Care NOT Killing, an alliance of charities and medical experts formed to halt the Bill, believes that the proposed change in the law would put Britain on a short and slippery slope towards the legalisation of euthanasia.

Seriously ill, emotionally distraught patients would be pushed into ending their lives, partly to avoid becoming a burden on their families and carers. This threat is particularly real because of the cash crisis in the NHS and the mounting difficulties of paying for long-term care for the elderly.

Lord Joffe's Assisted Dying for the Terminally Ill, due to be debated in the House of Lords on Friday, 12th May, makes provision for doctors to prescribe lethal drugs for people who are 'terminally ill'. But Care NOT Killing, which represents 32 UK organisations that promote palliative care and oppose euthanasia, says the proposed new law is a dangerous move.

CNK Chairman, Brian Iddon MP said: “Many elderly people already feel themselves to be a burden upon relatives, carers and an increasingly cost-conscious health service. This Bill will only intensify that pressure, and mean that some of the most vulnerable members of our community will feel that they have a duty to 'do the decent thing' for their families and society, by taking lethal drugs. We have had a deluge of letters from elderly people who are very frightened by this Bill.”

The warning comes in a week highlighted by news of 7,000 NHS job cuts and a predicted NHS annual deficit of at least £600 million in England. It is just four weeks after a joint report by three public sector watchdogs, the Audit Commission, the Healthcare Commission and the Commission for Social Care Inspection, which said the NHS and care services treated older people 'with a lack of dignity and respect'.

A further report commissioned by health think tank the King's Fund, on 30th March, found 'serious shortcomings' in care provision and funding arrangements for elderly people and called for investment to treble by 2026.

John Wiles, Chairman of the Association for Palliative Medicine, an Alliance member organisation representing 800 Palliative Medicine Consultants, added: “The NHS is cash-strapped and palliative care is much more costly than £4 of drugs to kill a patient. The NHS applauds itself for its recent additional funding of £50 million a year for palliative care for three years; but it only provides about 37 per cent of the cost of palliative care. By contrast, the voluntary charitable sector provides three quarters of current funding, or about £315 million per annum. When patients' physical, psychosocial and spiritual needs are properly met, requests for euthanasia are extremely rare indeed. We have an excellent tradition of palliative care in this country, but a postcode lottery operates with many not getting the care they need. This has to stop.”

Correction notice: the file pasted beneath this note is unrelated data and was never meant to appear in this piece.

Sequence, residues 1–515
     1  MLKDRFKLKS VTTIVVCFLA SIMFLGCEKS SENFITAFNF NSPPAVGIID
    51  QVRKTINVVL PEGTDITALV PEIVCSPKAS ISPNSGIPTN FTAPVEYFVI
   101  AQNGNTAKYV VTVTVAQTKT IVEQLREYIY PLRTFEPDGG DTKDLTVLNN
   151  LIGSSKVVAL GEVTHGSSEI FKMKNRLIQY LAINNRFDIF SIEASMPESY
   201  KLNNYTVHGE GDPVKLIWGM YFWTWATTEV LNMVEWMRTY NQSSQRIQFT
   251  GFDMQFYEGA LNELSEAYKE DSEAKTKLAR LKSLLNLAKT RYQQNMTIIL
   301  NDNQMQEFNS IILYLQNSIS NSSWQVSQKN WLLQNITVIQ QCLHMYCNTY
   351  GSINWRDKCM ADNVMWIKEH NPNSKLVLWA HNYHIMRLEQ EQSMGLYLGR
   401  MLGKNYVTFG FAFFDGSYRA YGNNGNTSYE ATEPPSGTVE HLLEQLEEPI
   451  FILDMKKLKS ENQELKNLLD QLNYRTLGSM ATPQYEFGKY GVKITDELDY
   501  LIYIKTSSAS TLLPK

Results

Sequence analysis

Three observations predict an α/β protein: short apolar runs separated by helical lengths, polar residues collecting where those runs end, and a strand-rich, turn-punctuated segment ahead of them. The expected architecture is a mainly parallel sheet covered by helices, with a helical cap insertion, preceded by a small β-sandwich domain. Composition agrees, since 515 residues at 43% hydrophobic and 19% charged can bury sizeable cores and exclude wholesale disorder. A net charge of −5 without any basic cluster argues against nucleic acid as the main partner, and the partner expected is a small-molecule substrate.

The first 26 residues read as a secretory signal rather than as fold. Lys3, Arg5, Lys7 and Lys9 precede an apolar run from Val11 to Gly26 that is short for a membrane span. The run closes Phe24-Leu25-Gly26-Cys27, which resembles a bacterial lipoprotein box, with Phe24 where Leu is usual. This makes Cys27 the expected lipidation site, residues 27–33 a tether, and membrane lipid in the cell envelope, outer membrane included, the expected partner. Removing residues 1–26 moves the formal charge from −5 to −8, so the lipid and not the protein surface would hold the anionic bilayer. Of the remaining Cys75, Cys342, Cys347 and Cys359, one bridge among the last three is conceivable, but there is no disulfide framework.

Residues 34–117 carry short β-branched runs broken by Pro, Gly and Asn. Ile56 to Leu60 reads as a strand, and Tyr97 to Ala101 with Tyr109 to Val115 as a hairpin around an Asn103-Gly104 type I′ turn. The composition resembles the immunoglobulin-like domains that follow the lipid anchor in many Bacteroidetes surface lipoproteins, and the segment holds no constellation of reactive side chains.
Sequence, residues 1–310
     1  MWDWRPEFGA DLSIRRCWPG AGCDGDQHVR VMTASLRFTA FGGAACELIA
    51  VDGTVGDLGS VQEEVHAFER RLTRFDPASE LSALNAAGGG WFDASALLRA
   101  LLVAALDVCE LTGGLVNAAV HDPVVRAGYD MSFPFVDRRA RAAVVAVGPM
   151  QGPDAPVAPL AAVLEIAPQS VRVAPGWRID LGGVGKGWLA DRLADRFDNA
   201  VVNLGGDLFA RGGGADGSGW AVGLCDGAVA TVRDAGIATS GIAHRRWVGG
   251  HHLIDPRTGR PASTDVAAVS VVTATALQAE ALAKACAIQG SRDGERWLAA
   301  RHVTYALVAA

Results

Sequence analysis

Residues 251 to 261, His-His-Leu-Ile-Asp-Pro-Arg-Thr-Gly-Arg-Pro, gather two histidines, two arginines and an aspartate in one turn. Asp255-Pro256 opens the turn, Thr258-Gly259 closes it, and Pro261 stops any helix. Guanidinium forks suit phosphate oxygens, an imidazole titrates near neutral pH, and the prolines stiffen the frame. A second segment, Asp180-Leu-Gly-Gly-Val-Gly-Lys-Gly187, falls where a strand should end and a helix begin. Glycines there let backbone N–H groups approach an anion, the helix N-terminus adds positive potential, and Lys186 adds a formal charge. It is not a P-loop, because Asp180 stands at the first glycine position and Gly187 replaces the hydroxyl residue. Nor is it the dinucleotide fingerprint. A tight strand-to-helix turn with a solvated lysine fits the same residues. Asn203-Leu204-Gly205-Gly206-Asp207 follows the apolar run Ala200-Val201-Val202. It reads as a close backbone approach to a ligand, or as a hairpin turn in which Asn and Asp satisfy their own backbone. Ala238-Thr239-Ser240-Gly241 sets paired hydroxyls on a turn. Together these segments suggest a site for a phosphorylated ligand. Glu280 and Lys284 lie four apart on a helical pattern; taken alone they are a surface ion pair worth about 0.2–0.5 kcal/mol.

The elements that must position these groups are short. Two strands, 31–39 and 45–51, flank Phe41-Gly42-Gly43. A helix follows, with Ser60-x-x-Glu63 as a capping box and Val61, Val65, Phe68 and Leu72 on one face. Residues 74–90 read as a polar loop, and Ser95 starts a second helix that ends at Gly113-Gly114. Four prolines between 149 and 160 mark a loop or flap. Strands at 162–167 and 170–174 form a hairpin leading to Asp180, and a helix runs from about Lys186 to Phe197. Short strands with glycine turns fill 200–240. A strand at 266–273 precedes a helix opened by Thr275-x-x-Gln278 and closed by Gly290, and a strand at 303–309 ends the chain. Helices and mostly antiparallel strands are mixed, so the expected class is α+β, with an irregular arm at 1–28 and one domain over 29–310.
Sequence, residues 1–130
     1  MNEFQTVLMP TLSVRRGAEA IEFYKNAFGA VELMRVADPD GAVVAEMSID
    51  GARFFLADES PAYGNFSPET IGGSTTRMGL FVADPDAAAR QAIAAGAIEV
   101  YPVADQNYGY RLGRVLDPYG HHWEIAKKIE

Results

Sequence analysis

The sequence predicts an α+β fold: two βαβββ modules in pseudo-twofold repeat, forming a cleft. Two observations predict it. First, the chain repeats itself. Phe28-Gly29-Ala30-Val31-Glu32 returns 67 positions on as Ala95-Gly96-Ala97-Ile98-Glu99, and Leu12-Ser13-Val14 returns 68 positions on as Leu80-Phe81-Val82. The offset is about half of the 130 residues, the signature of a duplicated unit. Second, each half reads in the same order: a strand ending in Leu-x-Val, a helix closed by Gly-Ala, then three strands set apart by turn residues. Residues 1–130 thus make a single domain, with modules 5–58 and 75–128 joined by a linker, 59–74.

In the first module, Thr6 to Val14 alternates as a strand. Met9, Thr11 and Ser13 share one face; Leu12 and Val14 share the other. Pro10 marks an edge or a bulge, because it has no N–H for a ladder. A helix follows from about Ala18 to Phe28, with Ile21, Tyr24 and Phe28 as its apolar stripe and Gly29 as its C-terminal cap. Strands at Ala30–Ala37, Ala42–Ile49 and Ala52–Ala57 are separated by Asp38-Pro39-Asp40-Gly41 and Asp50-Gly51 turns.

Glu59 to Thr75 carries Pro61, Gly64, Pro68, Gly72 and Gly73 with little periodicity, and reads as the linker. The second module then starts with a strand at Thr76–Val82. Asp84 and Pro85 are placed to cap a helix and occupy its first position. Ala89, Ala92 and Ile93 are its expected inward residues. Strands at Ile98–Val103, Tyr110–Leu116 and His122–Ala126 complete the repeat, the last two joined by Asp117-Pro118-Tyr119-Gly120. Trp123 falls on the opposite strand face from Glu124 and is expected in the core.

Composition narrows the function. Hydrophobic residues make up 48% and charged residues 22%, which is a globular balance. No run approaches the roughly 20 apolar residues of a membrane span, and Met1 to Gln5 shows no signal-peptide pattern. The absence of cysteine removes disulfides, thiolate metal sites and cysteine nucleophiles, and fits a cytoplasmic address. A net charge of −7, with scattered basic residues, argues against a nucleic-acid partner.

Some European politicians and economists have been chillingly open about the economic incentives for euthanasia. Jacques Attali, the former president of the European Bank for Reconstruction and Development, said in 1981: “As soon as he gets beyond 60-65 years of age, man lives beyond his capacity to produce, and he costs society a lot of money... euthanasia will be one of the essential instruments of our future societies.”

Last October, an open letter to members of the House of Lords from nine British faith leaders representing the six major world faiths warned that if Lord Joffe's Bill was passed, “the so-called 'right to die' would inexorably become the 'duty to die' and potentially economic pressures and convenience would come to dominate decision-making”.

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